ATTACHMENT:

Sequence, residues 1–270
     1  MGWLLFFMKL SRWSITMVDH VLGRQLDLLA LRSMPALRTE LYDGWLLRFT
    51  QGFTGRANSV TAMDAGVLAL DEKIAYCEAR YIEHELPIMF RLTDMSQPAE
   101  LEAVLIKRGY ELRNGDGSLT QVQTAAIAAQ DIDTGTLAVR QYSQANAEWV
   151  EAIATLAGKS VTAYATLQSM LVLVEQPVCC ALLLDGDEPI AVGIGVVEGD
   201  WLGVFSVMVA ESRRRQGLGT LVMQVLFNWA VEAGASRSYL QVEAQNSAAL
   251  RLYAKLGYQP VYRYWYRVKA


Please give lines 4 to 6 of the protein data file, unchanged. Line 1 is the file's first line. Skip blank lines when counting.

   101  LEAVLIKRGY ELRNGDGSLT QVQTAAIAAQ DIDTGTLAVR QYSQANAEWV
   151  EAIATLAGKS VTAYATLQSM LVLVEQPVCC ALLLDGDEPI AVGIGVVEGD
   201  WLGVFSVMVA ESRRRQGLGT LVMQVLFNWA VEAGASRSYL QVEAQNSAAL